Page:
Culture and Knowledge Transfe: Theoretical Considerations
Liu, Jing, Journal of Service Science and Management (JSSM)
There are diverging opinions the question of whether culture might influence knowledge management. Reference  believes that there is a convergence of approaches with regards to knowledge management and that effective knowledge management may evolve to become a universal concept. Several researchers have found no evidence that differences in national culture have an affect on knowledge management practices [2-4]. But there are considerable evidence supports the importance of culture in the success or failure of knowledge management within organizations. Reference  is very critical of the viewpoints ignoring culture influence on knowledge management. He point out that these viewpoints gives the impression that knowledge management operates in a kind of unitary vacuum in which diversity in terms of language, cultural and ethnic background are compressed into one giant independent variable which is in any case pushed to the side. Reference  agree and state that knowledge management models that exclude the influence of national and regional culture seriously undercut their potential effectiveness particularly in global applications. They suggest that "cultural bias exists in data bases and in all business and innovation" and that "western analytical assumptions about knowledge and information management, dominates both informa tion and knowledge management research and development". Recently, a few researchers have found empirical evidence that differences in national culture do affect knowledge sharing [7,8].
Knowledge and culture are indissolubly linked together in organizations. Recent technological revolution, accompanied by rapid globalization , has led to increased cultural heterogeneity within organizations. As the world becomes more and more globalized, western organizations now have access to a pool of job candidates from increasingly diverse cultural backgrounds . National borders no longer preclude individuals of different cultures from working in international organizations. Consequently, organizations today exhibit more cultural diversity among their employees. Simultaneously, advancing globalization is forcing organizations to engage in alliances and networks with partners with widely diverse national or ethnic cultural backgrounds. The differences in the cultural orientation of the collaborating organizations increase the risk of misunderstandings and conflicts, and often lead to failure, but if managed in a balanced manner may also improve performance . To overcome these barriers to success, we need both cultural understanding and new considerations in the knowledge transfer of intercultural organizations.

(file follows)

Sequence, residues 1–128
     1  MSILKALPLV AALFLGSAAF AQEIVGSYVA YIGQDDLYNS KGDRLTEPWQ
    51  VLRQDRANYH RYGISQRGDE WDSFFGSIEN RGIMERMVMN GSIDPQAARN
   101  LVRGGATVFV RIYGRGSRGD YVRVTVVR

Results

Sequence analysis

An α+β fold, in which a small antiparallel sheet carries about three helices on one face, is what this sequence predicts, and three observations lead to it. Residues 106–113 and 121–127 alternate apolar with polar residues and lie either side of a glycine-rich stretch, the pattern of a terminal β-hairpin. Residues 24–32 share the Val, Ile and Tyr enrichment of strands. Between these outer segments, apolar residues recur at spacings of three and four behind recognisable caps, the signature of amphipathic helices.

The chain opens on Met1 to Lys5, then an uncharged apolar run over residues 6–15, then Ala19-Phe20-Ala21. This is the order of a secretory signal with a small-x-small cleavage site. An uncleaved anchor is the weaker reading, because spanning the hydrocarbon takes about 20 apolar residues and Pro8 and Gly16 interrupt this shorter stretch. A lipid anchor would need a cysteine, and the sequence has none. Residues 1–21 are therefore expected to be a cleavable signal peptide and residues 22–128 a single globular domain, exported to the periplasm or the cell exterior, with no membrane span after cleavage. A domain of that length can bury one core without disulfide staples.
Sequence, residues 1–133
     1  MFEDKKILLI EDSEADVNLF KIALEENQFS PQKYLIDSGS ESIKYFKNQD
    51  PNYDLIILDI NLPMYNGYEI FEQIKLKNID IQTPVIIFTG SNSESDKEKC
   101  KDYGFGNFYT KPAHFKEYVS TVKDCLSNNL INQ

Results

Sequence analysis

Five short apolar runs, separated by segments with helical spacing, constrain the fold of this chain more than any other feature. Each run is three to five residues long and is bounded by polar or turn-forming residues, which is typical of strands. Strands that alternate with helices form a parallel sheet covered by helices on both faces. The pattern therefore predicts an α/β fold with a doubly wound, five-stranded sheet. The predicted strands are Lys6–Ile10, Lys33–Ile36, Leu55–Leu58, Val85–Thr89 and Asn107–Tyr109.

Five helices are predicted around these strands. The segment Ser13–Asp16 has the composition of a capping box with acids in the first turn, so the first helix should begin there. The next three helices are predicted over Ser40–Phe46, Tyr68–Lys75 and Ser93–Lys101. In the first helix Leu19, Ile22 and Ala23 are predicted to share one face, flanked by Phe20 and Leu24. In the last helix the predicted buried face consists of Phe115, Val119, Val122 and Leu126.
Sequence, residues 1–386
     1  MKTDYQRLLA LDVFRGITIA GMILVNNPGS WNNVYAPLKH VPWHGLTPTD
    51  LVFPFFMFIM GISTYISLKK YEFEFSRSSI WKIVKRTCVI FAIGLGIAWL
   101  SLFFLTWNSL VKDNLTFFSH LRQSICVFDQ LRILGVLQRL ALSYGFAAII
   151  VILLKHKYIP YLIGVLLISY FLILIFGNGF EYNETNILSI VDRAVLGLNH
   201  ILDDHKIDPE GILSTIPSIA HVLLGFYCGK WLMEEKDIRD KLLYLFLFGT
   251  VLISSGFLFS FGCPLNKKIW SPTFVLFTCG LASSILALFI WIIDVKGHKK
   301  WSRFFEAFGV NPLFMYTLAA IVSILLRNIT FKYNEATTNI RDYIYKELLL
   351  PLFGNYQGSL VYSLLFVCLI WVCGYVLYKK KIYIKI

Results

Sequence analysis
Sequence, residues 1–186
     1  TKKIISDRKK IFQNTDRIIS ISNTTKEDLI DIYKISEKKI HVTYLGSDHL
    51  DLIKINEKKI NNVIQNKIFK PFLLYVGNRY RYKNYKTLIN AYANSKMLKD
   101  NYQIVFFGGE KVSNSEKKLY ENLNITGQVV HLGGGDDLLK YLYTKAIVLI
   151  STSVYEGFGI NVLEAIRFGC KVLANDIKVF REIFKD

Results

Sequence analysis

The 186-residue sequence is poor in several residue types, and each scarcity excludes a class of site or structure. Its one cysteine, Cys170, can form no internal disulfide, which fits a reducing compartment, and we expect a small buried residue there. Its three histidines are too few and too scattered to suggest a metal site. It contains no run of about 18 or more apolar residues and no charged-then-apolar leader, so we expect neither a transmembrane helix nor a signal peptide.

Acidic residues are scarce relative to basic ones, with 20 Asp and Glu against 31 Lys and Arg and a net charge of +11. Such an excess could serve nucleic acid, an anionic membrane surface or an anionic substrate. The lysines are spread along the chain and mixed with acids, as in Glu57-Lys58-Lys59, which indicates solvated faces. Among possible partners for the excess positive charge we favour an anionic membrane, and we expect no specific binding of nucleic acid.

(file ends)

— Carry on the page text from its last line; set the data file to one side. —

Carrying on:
The effectiveness of knowledge transfer is directly related to the type of knowledge involved in the transfer process. In addition, the transfer of knowledge is moderated by 1) the nature of transacting cultural patterns and 2) the cognitive styles of the individuals.
The paper comprises five sections. In the next section, the author will introduce a conceptual framework for different types of knowledge and discuss the effect they impose for knowledge transfer. The third section first discusses the characteristics of culture and then proposes a classification scheme based on a topology that classified national culture into four dimensions provided by [12,13]. In the fourth section, power distance and individualism/collectivism are chosen as the representatives of national culture in this work and discuss the effect of national culture on knowledge transfer. A discussion on the theoretical and managerial implications concludes the study.
2. Theoretical Considerations: Knowledge and Knowledge Types
In order to articulate knowledge transfer we need a basic conceptualization of the concept of knowledge. The academic question of how knowledge should best be defined is a subject of a lively epistemological debate. The complex nature of knowledge has been discussed extensively in information technology (IT), strategic management, organizational theory and knowledge management literature. Reviewing crucial literature, principally there are two approaches to defining knowledge. One uses the concept of a value chain or hierarchical structure among data, information, and knowledge. The other focuses on the analysis of the process of knowing.
The most common way to describe knowledge is to distinguish it from data and information [14,15]. Reference  suggests that knowledge is authenticated information and information is …
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Publication information: Article title: Culture and Knowledge Transfe: Theoretical Considerations. Contributors: Liu, Jing - Author. Journal title: Journal of Service Science and Management (JSSM). Volume: 3. Issue: 1 Publication date: March 2010. Page number: 159+. © 2009 Scientific Research Publishing, Inc. COPYRIGHT 2010 Gale Group.
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